I love to cry while watching movies, but I prefer to do it on my own terms. I hate being told when
to cry. I'd rather feel surprised than manipulated when I sense the tears rolling. The Joy Luck Club,
adapted for the screen by Amy Tan from her popular novel, pierces through your tear ducts in its ultimate path toward your heart. The route is quite effective but, admittedly, it's something of a guerrilla maneuver, a rabbit punch to your affective system. Nevertheless, there's no ignoring the fact that The Joy Luck Club
is a moving work, both a contemporary and an eternal story about the interlinked boundaries between mothers and daughters. Genes, cultural identity, compensatory behaviors, sins of omission, commission and remission -- who's to say? Where does it all start and where does it end? Daughters become their mothers, no matter how hard both parties desire for that not to happen. Daughters also become different from their mothers, despite all attempts to perpetuate the status quo. The story revolves around four women who play mahjongg together regularly in a group they call the Joy Luck Club. All four were born in China and came to America as young adults. They are all best friends and they all have daughters. As filmed, the entire story is a fabrication that allows each woman to experience an extended flashback that highlights the flashpoint moments in her life. Each mother's flashback merges into her daughter's memories. The boundaries are not always separable and each of the eight stories told here are engrossing and stirring. The gravity of the events that these women experienced in China, the differences and similarities in the lives of these daughters who've grown up in America -- none of that pain and suffering is evident from a cursory glance at their lives. Within the movie, they scratch past the surface and prick our sensibilities with marksman-like precision. However, in the course of this sweeping inter-generational drama, there is a tendency for the individual stories to get lost in the overarching swirl of events. Eight separate stories become difficult to keep straight in your head. It's just too much detail in too little time. Arguable, of course, is the degree to which the entire point of the story is, rightly, the merger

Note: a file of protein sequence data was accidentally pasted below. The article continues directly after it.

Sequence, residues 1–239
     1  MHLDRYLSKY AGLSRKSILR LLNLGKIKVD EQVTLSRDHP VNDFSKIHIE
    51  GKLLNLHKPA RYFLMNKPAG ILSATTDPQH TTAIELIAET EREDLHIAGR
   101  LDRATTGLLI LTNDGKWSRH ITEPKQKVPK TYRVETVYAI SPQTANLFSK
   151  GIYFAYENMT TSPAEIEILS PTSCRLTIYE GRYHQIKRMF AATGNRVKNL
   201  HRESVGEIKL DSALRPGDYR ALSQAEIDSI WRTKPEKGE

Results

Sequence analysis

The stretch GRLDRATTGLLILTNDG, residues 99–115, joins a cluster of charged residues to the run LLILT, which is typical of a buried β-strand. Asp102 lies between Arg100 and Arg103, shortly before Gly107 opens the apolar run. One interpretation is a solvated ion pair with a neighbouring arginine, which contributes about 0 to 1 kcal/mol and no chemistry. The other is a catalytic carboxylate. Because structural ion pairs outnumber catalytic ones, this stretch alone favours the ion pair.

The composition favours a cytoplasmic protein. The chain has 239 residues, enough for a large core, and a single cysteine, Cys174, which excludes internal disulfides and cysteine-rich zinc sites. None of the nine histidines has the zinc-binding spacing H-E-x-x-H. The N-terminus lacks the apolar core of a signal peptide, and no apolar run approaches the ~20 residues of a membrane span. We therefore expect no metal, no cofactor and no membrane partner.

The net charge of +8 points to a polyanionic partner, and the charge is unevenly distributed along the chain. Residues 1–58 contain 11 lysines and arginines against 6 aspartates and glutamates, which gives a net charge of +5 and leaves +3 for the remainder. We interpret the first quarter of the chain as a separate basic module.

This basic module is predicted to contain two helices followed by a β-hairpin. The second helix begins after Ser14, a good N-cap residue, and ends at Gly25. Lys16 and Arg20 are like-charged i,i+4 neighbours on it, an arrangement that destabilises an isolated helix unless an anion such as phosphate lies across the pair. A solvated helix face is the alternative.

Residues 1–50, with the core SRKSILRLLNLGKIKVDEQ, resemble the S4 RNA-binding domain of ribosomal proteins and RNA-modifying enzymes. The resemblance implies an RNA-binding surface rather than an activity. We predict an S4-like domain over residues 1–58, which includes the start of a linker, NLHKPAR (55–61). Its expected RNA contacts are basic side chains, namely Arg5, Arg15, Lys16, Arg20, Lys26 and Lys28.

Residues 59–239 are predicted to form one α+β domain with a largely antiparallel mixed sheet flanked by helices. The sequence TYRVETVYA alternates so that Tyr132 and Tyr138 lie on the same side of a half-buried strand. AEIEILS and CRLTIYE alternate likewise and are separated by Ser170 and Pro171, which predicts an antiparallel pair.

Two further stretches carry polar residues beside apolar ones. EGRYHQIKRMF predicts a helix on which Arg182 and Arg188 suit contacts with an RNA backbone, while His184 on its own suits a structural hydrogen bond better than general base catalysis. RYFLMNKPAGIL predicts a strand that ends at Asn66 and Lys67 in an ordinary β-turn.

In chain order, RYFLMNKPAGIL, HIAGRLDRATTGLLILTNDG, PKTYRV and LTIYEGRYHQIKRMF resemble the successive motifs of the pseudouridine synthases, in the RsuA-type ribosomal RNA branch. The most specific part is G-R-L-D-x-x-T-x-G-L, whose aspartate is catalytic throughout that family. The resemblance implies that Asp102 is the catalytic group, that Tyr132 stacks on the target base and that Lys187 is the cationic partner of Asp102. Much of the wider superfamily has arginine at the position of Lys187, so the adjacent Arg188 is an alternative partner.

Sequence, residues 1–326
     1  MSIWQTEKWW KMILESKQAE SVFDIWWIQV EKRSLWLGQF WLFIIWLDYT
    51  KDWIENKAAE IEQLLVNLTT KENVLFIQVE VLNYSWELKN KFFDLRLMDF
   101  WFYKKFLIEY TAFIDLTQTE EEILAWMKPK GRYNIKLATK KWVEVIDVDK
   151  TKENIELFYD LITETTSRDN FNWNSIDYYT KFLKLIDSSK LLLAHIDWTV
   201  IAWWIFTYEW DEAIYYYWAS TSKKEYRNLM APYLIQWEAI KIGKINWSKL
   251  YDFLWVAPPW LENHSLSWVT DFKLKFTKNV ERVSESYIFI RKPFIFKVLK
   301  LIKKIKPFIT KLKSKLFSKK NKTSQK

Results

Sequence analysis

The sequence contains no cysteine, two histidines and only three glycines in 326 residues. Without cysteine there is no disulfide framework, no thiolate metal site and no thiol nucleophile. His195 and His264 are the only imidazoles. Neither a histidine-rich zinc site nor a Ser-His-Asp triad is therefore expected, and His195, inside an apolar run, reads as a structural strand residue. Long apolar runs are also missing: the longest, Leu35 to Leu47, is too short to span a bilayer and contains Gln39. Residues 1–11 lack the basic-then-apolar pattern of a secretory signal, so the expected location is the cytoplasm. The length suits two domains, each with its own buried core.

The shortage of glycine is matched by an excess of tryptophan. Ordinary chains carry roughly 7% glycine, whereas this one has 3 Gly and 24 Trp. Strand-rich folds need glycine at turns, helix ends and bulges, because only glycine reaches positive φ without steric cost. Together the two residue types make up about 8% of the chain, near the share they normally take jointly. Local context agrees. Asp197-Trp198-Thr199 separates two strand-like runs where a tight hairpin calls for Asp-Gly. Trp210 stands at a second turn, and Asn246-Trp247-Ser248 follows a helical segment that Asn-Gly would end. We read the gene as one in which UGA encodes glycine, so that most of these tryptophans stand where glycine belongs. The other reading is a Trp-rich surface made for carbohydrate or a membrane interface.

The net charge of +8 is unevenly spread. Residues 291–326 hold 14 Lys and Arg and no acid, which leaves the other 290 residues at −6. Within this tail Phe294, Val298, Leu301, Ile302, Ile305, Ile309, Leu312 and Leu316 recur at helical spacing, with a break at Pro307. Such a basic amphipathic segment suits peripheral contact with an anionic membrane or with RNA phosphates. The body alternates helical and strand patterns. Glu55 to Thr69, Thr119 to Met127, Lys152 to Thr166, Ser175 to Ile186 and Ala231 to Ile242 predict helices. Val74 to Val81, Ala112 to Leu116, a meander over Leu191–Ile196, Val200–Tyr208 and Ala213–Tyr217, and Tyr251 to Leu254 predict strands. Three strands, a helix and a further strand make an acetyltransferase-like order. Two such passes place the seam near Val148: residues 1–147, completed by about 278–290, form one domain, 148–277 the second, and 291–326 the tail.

of their individual identities into a collective whole. Personally, I have to admit feeling more jumble than merger. Also, it prompted me to question (quite atypically) where all the fathers in these stories were. Men are either absent or shadowy figures. Still, The Joy Luck Club
is one of the season's highlights, the kind of roller coaster ride that we interpret as “good” because of the unmistakable sensations experienced along the way.